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In conversation with Author Amit Bagaria

In conversation with Amit Bagaria

1. What inspired you to write your first book?

I have been writing from the time I was in high school 37 years ago when I was editor of the school newspaper and the annual yearbook. Again, in university in the USA, I was the news editor of the weekly newspaper. After getting into my own business, for about 17 years, I wrote articles or columns for several national newspapers and magazines. I began writing books in 2017 after my family and a publisher encouraged me to do so.

2. What is the first book that made you emotionally satisfied?

“72@72 – 72 Unfinished Things India@72 Needs to Do”. As a die-hard patriot, I’ve always wanted India to be great again, as we were several hundreds of years ago. In this book, released just before post-British India turned 72 in August 2019, I detailed 72 reforms that the government/s needs to carry out to make India great again. Writing this book gave me a lot of satisfaction.

3. What is your typical writing day look like?

It’s usually night and not daytime when I write. I start post-dinner, at around 10:00 am and write till 3:00 or 4:00 am, sometimes even longer. I’ve gone up to 20 hours nonstop. Writing also involves a lot of research – it’s 65-70% research and only 35-40% actually writing.

4. What is your current read and how do you feel about it?

I’m currently reading “No Man’s Land” by David Baldacci. It’s my 31st Baldacci novel so that answers how I must be feeling about it. I love this author. He’s one of my three all-time favorites.

5. Since your books are thrillers and nonfiction, how do you research your books?

The fiction thriller only required research about people, organizations, and places. Nonfiction books require a lot of research, depending on the topic. This research usually involves looking for the right material and then reading it thoroughly, and double-checking facts as far as possible. Sometimes, it also involves speaking to people, some of whom wish to remain anonymous.

6. Among all of your written books which is your favorite?

My new book, which is yet to come out, with the title “MODI 2.0” and subtitle “Is it THE END of the 135-year-old Congress party”. I am sure this gives you an idea of what this book is all about.

7. Would you like to share any incidents that you have come across while writing this book?

Originally planned as a 60,000-75,000-word book, it finally turned out at almost 1,26,000 words (my lengthiest). I had wanted to complete it by Sep-Oct 2019, but Modi started his second innings with 4s and 6s as if he was chasing a big T20 score... strengthening our anti-terror laws to abolishing Articles 370 & 35A to finally bring some order to J&K; to sweeping Education, Agriculture & Labour Reforms; he is just not stopping. But I had to stop somewhere… it’s taken me almost 15 months to complete the book.

8. Apart from reading and writing, what else spark joys within you?

Watching web series, meeting friends, and going out to eat (obviously not during Covid).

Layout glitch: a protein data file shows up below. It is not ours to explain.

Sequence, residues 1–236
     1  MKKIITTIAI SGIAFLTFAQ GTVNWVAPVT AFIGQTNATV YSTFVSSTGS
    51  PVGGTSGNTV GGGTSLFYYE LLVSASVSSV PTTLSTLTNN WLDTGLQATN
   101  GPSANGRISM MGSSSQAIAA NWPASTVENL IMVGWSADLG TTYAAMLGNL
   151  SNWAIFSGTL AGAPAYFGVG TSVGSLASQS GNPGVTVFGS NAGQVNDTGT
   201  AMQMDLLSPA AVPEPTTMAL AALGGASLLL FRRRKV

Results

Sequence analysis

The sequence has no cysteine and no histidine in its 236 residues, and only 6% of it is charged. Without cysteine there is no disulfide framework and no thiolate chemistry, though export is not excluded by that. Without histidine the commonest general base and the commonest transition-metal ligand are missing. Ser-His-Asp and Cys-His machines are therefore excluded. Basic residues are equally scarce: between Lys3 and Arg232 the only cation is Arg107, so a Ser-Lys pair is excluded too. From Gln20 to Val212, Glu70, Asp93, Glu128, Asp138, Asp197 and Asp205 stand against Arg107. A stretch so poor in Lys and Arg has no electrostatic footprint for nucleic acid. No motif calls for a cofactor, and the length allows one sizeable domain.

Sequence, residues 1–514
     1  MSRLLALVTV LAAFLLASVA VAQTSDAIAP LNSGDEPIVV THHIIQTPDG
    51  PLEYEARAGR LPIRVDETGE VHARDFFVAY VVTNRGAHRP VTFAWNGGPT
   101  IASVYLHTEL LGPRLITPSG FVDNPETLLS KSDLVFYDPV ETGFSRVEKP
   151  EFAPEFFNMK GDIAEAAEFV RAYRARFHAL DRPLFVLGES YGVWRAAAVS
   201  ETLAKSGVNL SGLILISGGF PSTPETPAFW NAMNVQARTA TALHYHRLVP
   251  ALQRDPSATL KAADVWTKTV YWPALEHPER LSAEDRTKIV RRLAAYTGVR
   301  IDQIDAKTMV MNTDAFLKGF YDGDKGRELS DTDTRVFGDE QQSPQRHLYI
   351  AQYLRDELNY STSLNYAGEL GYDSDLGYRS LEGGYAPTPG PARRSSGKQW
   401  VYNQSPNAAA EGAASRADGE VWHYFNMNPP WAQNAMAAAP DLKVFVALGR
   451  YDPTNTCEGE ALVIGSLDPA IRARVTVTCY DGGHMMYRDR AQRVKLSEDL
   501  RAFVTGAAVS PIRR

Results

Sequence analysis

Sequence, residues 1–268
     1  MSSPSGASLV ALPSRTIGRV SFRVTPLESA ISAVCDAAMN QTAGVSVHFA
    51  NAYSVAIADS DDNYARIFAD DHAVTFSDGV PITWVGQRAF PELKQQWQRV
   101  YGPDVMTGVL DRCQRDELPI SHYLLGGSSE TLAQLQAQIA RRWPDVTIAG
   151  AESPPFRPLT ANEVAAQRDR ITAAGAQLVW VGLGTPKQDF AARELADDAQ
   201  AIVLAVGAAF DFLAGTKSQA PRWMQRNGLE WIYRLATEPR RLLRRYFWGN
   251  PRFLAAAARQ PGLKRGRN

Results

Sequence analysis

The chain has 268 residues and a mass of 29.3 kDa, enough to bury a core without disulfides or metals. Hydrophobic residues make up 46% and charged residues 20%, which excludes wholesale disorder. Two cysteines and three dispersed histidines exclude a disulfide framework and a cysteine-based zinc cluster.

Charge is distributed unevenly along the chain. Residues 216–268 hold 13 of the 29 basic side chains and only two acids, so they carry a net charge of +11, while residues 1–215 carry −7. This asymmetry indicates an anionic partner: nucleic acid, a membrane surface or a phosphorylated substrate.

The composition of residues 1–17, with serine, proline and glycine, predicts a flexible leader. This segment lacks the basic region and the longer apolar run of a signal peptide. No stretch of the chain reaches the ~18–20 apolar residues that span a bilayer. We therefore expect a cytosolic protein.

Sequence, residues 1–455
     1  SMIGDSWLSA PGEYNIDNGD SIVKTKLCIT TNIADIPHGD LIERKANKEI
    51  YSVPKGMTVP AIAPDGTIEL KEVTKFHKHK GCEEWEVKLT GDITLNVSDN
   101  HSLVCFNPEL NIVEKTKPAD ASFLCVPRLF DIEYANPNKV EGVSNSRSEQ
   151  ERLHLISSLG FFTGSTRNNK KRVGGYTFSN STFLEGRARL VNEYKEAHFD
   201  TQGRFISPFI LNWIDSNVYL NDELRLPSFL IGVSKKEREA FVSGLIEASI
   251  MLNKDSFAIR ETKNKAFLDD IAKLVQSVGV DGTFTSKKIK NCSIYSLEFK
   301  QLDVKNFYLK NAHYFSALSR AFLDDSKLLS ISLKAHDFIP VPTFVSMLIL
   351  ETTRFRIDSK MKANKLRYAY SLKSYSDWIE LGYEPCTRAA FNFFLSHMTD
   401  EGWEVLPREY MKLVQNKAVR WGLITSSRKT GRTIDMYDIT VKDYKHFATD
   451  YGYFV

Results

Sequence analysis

9. What advice would you like to give a budding writer?

DO NOT COPY. Most new Indian authors end up copying famous/successful authors. Though I don’t read romance novels, I have flipped through some and have also read many reviews. The stories by new/budding authors are mostly a rejig of a famous Chetan Bhagat or Durjoy Datta or Ravinder Singh or Preeti Shenoy or Sudeep Nagarkar novel. You need to be original as copies can never be as good as the originals. Besides, there are so many other genres to write on other than romance or self-help, where there are very few Indian books available. Why don’t Indian authors pick subjects as I have covered in “SPIES, LIES & RED TAPE”? Movies/web series with similar plots do well – I don’t see why books shouldn’t. Even children’s fiction is an unexplored genre in India.

10. Share something your readers wouldn't know about you?

I was kidnapped once…

Buy and know more about Amit Bagaria books here.


Amit Bagaria Source: Goodreads

His parents thought he was studying business administration in the USA.
 He was actually studying journalism. His parents thought he was doing case studies on IBM and Pepsi. 
 He was actually interviewing the Governor of Ohio or a convicted murderer in jail. When he was a consultant for the Aditya Birla Memorial Hospital in Pune, he told Rajshree
 Birla and Kumar Mangalam Birla their offices would be in the Basement of the Hospital. As an entrepreneur, Amit has been India’s No.1 Healthcare Consultant, India’s No.1 Retail Consultant
 , and India’s No.1 Residential Real Estate Consultant, apart from excelling in several other sectors. As a Retail Consultant, he wrote prolifically for various retail publications. For one article, he interviewed several industry leaders, including Kishore Biyani, considered the father of modern retail in India. Little did poor Mr. Biyani know that Amit would lambast him in the article. The next time they ran into each other, Mr. Biyani told Amit that - being a fellow Marwari - he should have been less critical of him. It was the same article that led a leading publisher approach Amit to write a book - back in 2010, 
but that part of Amit’s life only began 7 years later. When he did begin, he did not stop or even pause. He has completed ten (YES, TEN) books in 17 months and is now working on his 11th._ Goodreads

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